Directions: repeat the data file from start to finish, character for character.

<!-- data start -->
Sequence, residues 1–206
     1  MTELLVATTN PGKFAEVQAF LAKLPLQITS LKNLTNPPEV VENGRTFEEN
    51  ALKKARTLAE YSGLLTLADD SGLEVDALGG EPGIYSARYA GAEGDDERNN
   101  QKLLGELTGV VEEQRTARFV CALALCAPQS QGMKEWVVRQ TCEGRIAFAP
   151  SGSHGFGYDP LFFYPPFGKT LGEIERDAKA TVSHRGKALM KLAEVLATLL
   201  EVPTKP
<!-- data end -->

Sequence, residues 1–206
     1  MTELLVATTN PGKFAEVQAF LAKLPLQITS LKNLTNPPEV VENGRTFEEN
    51  ALKKARTLAE YSGLLTLADD SGLEVDALGG EPGIYSARYA GAEGDDERNN
   101  QKLLGELTGV VEEQRTARFV CALALCAPQS QGMKEWVVRQ TCEGRIAFAP
   151  SGSHGFGYDP LFFYPPFGKT LGEIERDAKA TVSHRGKALM KLAEVLATLL
   201  EVPTKP